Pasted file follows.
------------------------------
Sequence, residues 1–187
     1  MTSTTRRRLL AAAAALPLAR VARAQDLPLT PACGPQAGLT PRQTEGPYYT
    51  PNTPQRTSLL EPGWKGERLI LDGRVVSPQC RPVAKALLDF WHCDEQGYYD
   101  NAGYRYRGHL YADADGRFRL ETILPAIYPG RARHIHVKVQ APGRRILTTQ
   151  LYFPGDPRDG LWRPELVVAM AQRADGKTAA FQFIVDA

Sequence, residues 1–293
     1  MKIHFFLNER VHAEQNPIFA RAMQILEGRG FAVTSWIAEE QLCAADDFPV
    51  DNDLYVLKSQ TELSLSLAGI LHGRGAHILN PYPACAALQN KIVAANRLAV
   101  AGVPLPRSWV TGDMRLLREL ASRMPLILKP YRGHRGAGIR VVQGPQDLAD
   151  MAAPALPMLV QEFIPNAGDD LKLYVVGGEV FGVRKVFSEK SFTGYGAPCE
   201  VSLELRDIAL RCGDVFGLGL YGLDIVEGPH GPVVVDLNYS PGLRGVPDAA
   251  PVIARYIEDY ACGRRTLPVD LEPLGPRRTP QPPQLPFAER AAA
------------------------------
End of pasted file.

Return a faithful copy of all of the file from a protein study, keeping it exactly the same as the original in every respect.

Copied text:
Sequence, residues 1–187
     1  MTSTTRRRLL AAAAALPLAR VARAQDLPLT PACGPQAGLT PRQTEGPYYT
    51  PNTPQRTSLL EPGWKGERLI LDGRVVSPQC RPVAKALLDF WHCDEQGYYD
   101  NAGYRYRGHL YADADGRFRL ETILPAIYPG RARHIHVKVQ APGRRILTTQ
   151  LYFPGDPRDG LWRPELVVAM AQRADGKTAA FQFIVDA

Sequence, residues 1–293
     1  MKIHFFLNER VHAEQNPIFA RAMQILEGRG FAVTSWIAEE QLCAADDFPV
    51  DNDLYVLKSQ TELSLSLAGI LHGRGAHILN PYPACAALQN KIVAANRLAV
   101  AGVPLPRSWV TGDMRLLREL ASRMPLILKP YRGHRGAGIR VVQGPQDLAD
   151  MAAPALPMLV QEFIPNAGDD LKLYVVGGEV FGVRKVFSEK SFTGYGAPCE
   201  VSLELRDIAL RCGDVFGLGL YGLDIVEGPH GPVVVDLNYS PGLRGVPDAA
   251  PVIARYIEDY ACGRRTLPVD LEPLGPRRTP QPPQLPFAER AAA